Opendoor accumulates $ 9 billion in borrowing capacity
Opendoor is trying to outshine its competition in the iBuying Wars, amassing billions in new borrowing capacity to buy more homes.
The company recently put in place a modified mezzanine debt facility with a $ 3 billion limit, Bloomberg reported, which, combined with other transactions, increased its borrowing capacity to $ 9 billion.
Bloomberg noted that with the facility of $ 3 billion plus senior debt, Opendoor has the capacity to acquire over 40,000 homes at an average price of $ 350,000 per home.
Opendoor isn’t the only iBuying company looking to increase its buying capacity, as Bloomberg reports that Zillow is looking for more than $ 1 billion for a few unrated bond offerings. In August, the company raised $ 450 million through a home-backed bond it planned to overturn.
Buying businesses make a profit by buying a home, making the necessary repairs, and putting it back on the market as quickly as possible. Bloomberg noted that short-term debt is vital for the industry so that companies can continue to shop.
iBuying is still a nascent factor in the housing market. In the second quarter, iBuying’s four largest companies made about 15,000 home purchases, or just 1% of all homes purchased across the country during the same period.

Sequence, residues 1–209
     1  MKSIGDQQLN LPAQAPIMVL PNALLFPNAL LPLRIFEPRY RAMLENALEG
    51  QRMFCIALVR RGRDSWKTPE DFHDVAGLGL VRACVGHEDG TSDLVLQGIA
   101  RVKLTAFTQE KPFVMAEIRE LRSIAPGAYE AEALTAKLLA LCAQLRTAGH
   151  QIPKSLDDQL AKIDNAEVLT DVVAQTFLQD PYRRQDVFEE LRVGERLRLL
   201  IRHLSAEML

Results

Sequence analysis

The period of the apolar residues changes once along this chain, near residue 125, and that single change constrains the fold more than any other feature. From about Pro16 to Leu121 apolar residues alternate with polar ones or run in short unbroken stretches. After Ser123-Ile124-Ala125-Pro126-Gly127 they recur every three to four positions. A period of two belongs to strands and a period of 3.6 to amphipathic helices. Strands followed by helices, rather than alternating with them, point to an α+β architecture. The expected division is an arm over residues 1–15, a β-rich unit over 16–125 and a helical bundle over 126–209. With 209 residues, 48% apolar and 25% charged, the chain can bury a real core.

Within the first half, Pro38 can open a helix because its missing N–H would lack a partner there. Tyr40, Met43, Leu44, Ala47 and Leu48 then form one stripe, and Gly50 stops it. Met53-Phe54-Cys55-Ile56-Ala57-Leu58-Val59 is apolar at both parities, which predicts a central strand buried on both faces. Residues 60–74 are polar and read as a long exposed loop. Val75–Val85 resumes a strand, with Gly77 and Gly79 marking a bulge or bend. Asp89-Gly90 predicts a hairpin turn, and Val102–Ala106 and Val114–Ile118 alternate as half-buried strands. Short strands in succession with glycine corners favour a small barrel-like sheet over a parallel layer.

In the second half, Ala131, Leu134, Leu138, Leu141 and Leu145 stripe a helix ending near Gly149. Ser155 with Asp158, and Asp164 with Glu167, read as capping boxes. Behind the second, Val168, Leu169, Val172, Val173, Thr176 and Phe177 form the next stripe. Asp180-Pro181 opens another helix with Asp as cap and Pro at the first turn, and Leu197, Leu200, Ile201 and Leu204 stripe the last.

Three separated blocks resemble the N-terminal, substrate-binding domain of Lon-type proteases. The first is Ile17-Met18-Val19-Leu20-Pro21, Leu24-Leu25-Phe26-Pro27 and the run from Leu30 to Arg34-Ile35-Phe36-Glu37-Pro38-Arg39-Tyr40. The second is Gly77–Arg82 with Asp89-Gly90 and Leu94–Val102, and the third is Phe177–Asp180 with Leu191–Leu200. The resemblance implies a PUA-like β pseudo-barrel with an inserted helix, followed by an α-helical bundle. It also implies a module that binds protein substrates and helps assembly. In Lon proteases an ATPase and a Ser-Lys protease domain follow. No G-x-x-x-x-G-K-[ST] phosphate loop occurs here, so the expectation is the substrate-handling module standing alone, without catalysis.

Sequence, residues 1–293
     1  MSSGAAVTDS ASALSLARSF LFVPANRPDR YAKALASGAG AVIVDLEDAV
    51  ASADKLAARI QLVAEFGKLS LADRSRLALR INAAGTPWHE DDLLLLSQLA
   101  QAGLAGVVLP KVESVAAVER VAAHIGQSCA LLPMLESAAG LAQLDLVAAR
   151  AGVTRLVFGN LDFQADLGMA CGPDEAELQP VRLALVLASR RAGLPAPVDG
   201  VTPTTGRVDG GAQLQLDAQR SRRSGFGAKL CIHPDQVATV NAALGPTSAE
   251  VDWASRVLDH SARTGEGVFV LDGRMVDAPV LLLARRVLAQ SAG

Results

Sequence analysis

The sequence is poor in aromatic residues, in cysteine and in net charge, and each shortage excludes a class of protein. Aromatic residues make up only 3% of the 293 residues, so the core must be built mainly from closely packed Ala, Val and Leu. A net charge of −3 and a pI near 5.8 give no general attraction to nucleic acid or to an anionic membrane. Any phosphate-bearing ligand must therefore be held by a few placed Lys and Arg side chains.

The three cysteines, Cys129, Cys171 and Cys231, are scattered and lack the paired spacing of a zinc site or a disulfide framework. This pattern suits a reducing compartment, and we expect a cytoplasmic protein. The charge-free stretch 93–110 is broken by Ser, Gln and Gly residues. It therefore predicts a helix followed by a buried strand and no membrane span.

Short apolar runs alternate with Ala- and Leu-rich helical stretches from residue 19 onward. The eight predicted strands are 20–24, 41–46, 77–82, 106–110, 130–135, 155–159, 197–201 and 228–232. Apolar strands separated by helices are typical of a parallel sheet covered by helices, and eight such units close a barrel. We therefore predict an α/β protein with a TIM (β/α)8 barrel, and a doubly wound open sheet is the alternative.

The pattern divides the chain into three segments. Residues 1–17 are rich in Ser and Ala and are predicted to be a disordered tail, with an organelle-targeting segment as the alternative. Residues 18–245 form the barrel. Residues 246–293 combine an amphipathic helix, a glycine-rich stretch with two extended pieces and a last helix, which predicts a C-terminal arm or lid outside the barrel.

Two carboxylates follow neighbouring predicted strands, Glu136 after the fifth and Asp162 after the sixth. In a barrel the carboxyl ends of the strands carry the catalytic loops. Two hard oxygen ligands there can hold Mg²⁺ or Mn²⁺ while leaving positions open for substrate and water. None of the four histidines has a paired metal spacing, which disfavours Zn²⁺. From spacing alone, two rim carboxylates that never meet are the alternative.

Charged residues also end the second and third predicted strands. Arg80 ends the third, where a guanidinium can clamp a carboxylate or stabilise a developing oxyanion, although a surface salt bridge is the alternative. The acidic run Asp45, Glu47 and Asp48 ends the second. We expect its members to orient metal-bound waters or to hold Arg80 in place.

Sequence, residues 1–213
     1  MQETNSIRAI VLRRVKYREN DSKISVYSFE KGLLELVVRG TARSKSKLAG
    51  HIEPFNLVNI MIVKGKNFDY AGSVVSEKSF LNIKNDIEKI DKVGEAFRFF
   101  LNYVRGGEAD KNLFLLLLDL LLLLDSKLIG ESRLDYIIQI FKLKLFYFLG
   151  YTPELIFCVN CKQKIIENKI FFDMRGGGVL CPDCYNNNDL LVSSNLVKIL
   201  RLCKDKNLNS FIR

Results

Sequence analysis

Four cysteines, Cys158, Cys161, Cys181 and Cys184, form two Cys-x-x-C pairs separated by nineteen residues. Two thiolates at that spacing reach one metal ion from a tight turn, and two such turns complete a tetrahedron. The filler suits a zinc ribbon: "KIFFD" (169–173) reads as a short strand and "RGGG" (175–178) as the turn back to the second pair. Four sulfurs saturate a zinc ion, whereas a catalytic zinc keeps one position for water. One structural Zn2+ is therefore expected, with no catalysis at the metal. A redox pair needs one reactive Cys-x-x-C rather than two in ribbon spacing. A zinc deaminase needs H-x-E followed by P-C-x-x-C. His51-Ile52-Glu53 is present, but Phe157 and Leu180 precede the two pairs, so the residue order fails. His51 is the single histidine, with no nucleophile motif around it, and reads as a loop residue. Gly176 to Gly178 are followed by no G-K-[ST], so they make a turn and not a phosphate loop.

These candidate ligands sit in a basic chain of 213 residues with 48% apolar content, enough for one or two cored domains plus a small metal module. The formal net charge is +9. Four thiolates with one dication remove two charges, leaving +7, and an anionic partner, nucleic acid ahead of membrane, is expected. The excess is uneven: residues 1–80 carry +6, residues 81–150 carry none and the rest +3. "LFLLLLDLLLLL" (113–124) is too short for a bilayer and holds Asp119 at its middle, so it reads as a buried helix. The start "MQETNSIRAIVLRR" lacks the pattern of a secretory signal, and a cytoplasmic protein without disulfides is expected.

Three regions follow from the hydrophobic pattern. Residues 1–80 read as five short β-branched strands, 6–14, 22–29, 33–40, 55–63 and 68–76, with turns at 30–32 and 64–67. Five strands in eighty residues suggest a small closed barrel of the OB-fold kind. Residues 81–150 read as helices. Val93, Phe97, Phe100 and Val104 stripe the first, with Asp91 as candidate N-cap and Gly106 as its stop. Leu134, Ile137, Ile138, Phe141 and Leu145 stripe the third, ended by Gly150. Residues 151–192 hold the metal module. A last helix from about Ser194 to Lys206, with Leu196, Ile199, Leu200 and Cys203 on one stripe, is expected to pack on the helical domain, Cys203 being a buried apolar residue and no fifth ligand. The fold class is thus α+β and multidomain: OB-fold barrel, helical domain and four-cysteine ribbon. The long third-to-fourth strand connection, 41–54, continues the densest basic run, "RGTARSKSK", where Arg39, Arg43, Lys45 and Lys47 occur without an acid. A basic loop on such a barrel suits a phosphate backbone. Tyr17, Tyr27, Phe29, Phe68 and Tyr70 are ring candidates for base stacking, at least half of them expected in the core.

Opendoor is in good company with competitors like Zillow and Offerpadis who aspire to do more. Bloomberg has already reported the company hopes to account for 4 percent of all home sales in 10 markets.
Opendoor has overcome its share of struggles during the pandemic.
Shares of the company were down more than 16% at Monday’s close since the start of the year. In 2020, the company reported a 45% drop in revenue, from $ 4.7 billion to $ 2.6 billion. CEO Eric Wu previously attributed the drop to the pandemic, as most iBuyers suspended home buying during the early days of the pandemic due to difficulty valuing homes.
[Bloomberg] – Holden Walter Warner